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Warren, Sanders dominate debate talk time

Warren, Sanders dominate debate talk time
© UPI Photo
 
In many cases, the two senators, who are vying for control of the liberal wing of the Democratic Party, were given additional time to speak after lower-polling candidates tried to contrast themselves with the front-runners.
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Warren, whose poll numbers have been rising steadily throughout the year, spoke for 18 minutes and two seconds, according to The Hill's stopwatch. She had 21 opportunities to address questions or respond to her rivals during the showdown on CNN, which lasted two hours and 45 minutes.
 
 
Montana Gov. Steve BullockSteve BullockInterior says Pendley to remain at BLM despite 'dramatic tweets' from Democrats Democrat trails by 3 points in Montana Senate race: poll Poll shows statistical tie in Montana Senate race MORE (D) made an early splash in his first opportunity on the debate stage, clocking in with 10 minutes and 41 seconds of talk time over the course of a dozen answers. 
 
Bullock, who entered the presidential contest later than virtually every other candidate, missed out on the first debate held last month in Miami. Tuesday's debate represented his best opportunity to kick-start a campaign that has yet to reach even the 65,000-donor threshold to make the first pair of debates, let alone the 130,000-donor threshold to make the next debate stage in September.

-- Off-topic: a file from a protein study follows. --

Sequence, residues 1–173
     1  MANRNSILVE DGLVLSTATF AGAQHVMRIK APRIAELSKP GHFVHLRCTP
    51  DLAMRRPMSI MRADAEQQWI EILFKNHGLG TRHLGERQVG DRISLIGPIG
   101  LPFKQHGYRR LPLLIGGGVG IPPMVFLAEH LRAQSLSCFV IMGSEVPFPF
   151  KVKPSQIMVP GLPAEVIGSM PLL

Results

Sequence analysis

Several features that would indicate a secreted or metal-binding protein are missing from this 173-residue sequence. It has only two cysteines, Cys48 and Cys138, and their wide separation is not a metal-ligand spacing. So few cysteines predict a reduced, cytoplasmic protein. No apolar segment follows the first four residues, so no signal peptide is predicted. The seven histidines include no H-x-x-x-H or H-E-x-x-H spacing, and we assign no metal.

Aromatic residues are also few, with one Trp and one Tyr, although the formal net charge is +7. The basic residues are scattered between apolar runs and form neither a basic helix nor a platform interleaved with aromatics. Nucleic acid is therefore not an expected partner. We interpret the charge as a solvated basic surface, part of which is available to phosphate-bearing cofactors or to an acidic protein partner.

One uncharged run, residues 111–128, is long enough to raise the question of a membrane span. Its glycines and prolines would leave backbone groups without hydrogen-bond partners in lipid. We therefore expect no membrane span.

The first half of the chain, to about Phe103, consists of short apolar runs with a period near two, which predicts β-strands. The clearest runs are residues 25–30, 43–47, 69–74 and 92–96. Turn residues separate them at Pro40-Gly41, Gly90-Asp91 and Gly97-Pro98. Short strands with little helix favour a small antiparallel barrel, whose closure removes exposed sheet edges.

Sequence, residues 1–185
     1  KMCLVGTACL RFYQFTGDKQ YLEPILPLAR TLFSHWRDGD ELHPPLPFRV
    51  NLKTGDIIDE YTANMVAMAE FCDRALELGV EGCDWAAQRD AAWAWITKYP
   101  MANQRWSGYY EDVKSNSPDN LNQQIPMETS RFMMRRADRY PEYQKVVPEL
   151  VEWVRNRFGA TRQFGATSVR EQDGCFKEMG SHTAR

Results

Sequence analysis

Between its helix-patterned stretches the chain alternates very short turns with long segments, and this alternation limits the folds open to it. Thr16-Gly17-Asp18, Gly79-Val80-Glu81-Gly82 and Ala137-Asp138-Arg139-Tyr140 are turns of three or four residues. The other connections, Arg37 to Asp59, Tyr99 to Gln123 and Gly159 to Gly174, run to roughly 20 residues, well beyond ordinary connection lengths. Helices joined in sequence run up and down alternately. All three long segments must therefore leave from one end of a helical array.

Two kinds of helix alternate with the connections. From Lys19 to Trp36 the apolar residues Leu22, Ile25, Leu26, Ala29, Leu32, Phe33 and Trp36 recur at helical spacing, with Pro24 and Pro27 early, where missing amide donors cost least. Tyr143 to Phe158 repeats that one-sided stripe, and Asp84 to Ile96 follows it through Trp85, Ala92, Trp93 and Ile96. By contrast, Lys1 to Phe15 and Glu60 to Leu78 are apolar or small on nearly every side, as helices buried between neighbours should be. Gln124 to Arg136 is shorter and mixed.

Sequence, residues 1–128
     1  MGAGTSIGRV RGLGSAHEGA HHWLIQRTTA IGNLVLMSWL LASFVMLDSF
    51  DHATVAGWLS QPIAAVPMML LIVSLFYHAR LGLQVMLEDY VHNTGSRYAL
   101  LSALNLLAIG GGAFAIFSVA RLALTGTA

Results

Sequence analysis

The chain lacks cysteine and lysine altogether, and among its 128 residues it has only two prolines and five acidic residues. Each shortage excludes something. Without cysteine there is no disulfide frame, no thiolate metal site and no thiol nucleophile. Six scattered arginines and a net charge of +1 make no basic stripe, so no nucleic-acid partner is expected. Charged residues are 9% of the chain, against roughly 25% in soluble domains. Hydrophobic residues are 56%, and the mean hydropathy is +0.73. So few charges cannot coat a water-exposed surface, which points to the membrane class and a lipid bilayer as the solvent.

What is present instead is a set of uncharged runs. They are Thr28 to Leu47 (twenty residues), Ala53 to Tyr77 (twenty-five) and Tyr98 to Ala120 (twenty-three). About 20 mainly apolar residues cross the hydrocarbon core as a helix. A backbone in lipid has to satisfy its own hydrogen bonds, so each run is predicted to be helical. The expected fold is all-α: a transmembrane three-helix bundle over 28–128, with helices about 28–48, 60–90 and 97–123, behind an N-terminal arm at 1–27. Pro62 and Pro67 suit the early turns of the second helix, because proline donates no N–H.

Former Colorado Gov. John HickenlooperJohn HickenlooperBiden and Schumer face battles with left if Democrats win big Push to expand Supreme Court faces Democratic buzzsaw Democratic super PAC pulls remaining ads from Colorado Senate race MORE (D) spoke for just eight minutes and 27 seconds in a sometimes halting performance that may represent his swan song. Hickenlooper recently lost several senior staffers who urged him to drop out and run for a Senate seat instead.
 
Perhaps no candidate did more with less than Marianne WilliamsonMarianne WilliamsonMarianne Williamson discusses speaking at People's Party Convention Fewer people watched opening night of Democratic convention compared to 2016 Marianne Williamson: Democratic convention 'like binge watching a Marriott commercial' MORE, the spiritual adviser who warned of a "dark psychic force" in Trump's America. Williamson got just eight minutes and 44 seconds on the microphone, but she seemed to command that time to deliver answers that illustrated her outsider status.
 
By the end of the debate, Williamson was the most searched-for candidate in 49 of the 50 states, according to Google Trend data. The lone exception came in Montana, where voters searched for more information about their home-state governor.